FIG. 2A depicts a flow chart of method 200. Method 200 provides a means to determine a set of WCDs that are likely to be moving and are within a geographic definition of a road. Then, this information may be used to determine a density and an aggregate velocity of these WCDs, from which a density and an aggregate velocity of vehicles on the road can be estimated.

At step 210, registration data related to WCDs served by a plurality of wireless coverage areas is queried. These WCDs may be referred to as a first set of WCDs. The wireless coverage areas are preferably intersected by a segment of a road, as depicted in FIG. 1. From this first set, a second set of WCDs is determined. The WCDs placed in the second set includes any WCD in the first set that has registered with any of the plurality of wireless coverage areas within a threshold time period.

Preferably, the threshold time period is defined to be an amount of time such that any WCD that has registered within the threshold time period is likely to be moving. For example, if the threshold time period is one minute, then any WCD from the first set that has registered with any of the plurality of wireless coverage areas in the last one minute will be placed in the second set. A goal of this step is to determine WCDs that have recently registered, as these WCDs are likely to be moving, and therefore are more likely to be associated with a vehicle.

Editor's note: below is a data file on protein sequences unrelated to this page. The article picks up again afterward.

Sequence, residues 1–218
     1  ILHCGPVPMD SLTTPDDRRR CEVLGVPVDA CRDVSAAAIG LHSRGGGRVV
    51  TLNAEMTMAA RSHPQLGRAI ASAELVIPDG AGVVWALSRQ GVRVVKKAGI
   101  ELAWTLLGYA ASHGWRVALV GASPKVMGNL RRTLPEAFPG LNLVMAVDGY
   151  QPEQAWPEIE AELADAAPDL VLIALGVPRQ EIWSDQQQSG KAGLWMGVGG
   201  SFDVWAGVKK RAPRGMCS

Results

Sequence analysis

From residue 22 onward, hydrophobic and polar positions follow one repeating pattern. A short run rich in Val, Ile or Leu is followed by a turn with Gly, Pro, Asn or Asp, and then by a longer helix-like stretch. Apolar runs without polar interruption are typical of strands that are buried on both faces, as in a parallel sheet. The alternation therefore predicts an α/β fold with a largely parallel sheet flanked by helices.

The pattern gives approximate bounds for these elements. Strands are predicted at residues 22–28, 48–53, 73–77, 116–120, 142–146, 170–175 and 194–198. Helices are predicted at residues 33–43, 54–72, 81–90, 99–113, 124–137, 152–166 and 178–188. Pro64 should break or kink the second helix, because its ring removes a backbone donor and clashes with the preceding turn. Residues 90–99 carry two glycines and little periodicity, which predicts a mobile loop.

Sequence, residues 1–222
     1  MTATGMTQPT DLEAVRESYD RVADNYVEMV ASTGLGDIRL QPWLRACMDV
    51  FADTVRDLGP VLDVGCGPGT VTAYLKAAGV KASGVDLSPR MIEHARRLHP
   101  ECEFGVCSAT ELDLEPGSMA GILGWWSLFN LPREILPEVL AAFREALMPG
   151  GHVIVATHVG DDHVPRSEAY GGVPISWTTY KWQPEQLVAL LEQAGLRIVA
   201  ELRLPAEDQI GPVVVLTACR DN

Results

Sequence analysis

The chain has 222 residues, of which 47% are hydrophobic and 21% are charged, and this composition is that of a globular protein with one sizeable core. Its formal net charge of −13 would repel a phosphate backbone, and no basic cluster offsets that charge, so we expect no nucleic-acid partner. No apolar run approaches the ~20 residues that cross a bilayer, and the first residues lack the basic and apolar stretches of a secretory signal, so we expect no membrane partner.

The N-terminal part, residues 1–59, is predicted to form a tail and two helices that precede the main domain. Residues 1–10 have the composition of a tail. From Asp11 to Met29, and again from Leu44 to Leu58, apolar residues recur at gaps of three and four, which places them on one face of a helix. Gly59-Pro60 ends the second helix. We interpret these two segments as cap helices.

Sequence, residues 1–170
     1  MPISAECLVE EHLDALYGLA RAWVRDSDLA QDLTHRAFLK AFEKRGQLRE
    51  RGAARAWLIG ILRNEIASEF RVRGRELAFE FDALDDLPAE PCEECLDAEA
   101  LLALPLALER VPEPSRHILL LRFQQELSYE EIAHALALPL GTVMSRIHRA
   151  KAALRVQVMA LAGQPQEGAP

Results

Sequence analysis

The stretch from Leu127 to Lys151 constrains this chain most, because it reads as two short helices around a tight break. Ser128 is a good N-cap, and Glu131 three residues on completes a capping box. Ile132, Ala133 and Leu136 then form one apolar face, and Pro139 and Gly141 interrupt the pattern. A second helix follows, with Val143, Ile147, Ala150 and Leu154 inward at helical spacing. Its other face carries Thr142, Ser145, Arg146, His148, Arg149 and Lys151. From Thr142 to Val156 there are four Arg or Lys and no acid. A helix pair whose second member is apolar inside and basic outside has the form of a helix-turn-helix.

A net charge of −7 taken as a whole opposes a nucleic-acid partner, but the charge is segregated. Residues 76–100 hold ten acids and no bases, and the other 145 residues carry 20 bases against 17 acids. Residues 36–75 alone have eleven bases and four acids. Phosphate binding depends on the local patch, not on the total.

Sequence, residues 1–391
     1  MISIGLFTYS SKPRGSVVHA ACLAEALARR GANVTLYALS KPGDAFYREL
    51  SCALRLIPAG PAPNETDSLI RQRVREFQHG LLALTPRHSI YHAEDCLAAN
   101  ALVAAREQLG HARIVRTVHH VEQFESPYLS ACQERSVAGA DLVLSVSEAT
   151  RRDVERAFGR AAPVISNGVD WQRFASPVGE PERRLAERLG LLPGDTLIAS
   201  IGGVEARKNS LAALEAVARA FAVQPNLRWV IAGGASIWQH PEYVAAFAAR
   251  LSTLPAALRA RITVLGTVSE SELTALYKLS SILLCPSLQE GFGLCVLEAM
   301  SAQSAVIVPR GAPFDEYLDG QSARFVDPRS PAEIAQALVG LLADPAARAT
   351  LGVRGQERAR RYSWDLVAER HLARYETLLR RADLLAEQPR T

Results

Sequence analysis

An additional advantage of gathering location information only from WCDs that have recently registered is that it is likely that not all WCDs in the plurality of wireless coverage areas have recently registered. Thus, location information will likely be gathered from a subset of all WCDs, and therefore less location information will need to be gathered. If the location information is gathered by polling each WCD for its location, wireless network capacity may be deleteriously affected.

Wireless coverage areas may differ in size based on their intended scope of coverage, the density of WCDs in the area, their wireless frequency, and other factors. Thus, ideally, the threshold time period is configurable. For instance, in regions with large wireless coverage areas the threshold time period might be set to five minutes, while in regions with smaller coverage areas, the threshold time period might be set to one minute or less. Furthermore, each individual wireless coverage area may define its own configurable threshold time period.

At step 215, a respective geographic location for each WCD in the second set is determined. As discussed above, this geographic location may be GPS coordinates, or a location determined via triangulation. Furthermore, the geographic location may be determined by each WCD, a radio access network element such as a BTS, or through some combination of these devices. Additionally, the geographic location may be delivered via a push or pull model.